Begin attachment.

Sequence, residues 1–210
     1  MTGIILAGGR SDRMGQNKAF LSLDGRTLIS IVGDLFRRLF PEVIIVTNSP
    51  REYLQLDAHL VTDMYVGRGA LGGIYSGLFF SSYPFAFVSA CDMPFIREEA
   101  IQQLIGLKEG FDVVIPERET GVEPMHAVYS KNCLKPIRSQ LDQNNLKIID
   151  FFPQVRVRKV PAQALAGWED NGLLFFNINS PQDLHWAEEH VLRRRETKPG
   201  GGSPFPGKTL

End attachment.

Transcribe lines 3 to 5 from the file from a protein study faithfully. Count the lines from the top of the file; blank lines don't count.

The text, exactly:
    51  REYLQLDAHL VTDMYVGRGA LGGIYSGLFF SSYPFAFVSA CDMPFIREEA
   101  IQQLIGLKEG FDVVIPERET GVEPMHAVYS KNCLKPIRSQ LDQNNLKIID
   151  FFPQVRVRKV PAQALAGWED NGLLFFNINS PQDLHWAEEH VLRRRETKPG